The bulk of Algonquin’s student intake is in the fall, with roughly 10,000 enrollments. Michael Amodeo, a first-year police foundations student, is not one of them.
Student enrollment, overall, has increased this year compared to last. According to Jeff Macnab, Algonquin’s registrar, this year’s student enrollment is up 1.8 per cent, including the fall, winter and spring terms.
Certain programs are in very high demand, like practical nursing and paralegal, which already have a waitlist for fall 2015.
But the school has taken in many students just this past January. Algonquin’s police foundations program is one of over 100 that the college offers to start in the winter term. In the fall, the program has room for six sections holding about 48 students in each. But in the winter it only has two.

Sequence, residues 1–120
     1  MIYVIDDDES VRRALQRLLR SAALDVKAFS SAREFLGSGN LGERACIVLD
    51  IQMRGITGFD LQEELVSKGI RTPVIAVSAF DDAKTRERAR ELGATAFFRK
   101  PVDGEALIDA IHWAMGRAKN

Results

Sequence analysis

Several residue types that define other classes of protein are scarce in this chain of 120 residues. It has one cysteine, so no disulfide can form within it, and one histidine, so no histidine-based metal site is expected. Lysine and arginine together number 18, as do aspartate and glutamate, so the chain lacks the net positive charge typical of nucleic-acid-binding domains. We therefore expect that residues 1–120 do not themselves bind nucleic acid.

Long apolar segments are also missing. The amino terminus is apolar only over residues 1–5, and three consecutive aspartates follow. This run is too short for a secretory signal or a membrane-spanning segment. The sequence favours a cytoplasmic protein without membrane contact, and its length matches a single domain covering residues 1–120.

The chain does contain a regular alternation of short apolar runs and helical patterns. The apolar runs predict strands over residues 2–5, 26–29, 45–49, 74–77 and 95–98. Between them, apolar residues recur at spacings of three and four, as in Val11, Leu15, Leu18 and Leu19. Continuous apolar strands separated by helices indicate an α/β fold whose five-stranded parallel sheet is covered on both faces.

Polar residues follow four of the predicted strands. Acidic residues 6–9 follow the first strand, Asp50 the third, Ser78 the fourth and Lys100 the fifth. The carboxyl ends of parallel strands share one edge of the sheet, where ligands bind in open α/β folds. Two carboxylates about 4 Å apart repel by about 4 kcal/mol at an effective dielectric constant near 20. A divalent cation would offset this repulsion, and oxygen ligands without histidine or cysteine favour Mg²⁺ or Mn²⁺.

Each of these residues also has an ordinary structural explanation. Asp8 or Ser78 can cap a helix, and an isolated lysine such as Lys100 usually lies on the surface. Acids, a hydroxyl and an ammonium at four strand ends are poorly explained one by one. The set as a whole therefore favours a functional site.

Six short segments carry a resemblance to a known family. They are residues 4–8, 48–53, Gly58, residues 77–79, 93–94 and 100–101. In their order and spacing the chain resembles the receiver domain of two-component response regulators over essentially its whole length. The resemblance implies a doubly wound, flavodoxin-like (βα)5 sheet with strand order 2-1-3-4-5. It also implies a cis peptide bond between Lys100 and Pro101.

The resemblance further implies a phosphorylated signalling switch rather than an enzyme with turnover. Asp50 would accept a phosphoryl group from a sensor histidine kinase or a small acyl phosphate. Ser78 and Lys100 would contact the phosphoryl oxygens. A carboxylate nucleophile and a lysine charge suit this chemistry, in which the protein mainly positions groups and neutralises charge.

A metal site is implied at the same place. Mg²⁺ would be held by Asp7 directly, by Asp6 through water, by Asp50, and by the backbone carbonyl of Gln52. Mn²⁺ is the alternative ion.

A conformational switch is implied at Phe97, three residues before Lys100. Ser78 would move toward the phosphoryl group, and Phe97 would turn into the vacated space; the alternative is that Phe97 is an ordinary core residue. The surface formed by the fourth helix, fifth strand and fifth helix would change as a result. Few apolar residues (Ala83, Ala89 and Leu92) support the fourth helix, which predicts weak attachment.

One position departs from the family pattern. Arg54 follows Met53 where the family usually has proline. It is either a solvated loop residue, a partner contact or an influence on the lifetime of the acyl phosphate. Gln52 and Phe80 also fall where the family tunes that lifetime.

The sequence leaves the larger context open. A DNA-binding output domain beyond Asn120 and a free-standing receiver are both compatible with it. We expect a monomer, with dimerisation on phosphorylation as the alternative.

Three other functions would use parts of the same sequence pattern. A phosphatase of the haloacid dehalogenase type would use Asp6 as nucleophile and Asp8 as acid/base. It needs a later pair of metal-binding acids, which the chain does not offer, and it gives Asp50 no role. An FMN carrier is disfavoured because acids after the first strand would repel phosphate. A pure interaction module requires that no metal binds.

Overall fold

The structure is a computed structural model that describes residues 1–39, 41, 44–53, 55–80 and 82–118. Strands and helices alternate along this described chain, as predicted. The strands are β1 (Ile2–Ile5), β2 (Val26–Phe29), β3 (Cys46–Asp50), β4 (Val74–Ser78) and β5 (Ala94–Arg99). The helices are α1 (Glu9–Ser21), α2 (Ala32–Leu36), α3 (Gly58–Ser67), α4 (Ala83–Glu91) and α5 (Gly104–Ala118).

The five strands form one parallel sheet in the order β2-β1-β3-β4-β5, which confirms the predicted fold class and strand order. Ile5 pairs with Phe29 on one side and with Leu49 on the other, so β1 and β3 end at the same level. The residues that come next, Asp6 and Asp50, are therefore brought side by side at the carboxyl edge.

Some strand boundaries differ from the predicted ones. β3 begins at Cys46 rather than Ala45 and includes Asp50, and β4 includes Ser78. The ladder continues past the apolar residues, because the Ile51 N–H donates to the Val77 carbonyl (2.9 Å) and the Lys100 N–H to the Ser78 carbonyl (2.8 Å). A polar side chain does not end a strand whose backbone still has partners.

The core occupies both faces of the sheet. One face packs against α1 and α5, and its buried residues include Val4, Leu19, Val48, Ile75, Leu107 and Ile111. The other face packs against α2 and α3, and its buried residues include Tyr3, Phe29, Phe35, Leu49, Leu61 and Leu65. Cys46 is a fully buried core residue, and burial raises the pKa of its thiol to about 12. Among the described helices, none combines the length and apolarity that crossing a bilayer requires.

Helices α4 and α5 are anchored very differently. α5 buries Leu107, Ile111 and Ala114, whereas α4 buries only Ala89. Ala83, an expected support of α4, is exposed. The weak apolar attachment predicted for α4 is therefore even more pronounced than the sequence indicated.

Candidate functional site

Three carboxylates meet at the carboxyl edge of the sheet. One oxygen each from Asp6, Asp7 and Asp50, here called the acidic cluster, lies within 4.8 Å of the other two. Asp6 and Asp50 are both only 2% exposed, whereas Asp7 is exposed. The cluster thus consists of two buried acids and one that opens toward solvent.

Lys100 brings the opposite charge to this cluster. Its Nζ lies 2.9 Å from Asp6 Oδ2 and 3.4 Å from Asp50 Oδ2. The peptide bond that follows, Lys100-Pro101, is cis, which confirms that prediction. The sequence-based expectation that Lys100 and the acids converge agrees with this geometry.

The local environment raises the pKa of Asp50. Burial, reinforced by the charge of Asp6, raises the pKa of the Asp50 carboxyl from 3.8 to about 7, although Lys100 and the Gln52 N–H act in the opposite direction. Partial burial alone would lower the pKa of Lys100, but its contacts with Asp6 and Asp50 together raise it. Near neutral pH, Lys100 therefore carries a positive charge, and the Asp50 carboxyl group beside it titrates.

Lindsay Harris, police foundations program coordinator, has watched how students have changed over his 25 years of working for the college.
“Students coming in January are often viewed to be not as academically strong as students coming in September,” Harris said. “That sort of was the case when we started but we’ve found in about the last two years that it has not been the case.”
Amodeo started the police foundations program this winter term. He took a couple years after high school to work and save money to be able to pay for school. He said that he doesn’t really see any strong advantages or disadvantages to starting school in the winter instead of the fall but he likes that there aren’t as many people in his section.
“You’re not so much a number and more of a name,” he said. “You make better impressions in smaller class sections.”
Students may choose to start school in the winter or spring terms instead of the fall for many different reasons. They had to finish credits from high school, for example, or they took a year or a few off to work and save money, they transferred from another program within the school or many more. It all depends on what suits the student during that point in their life.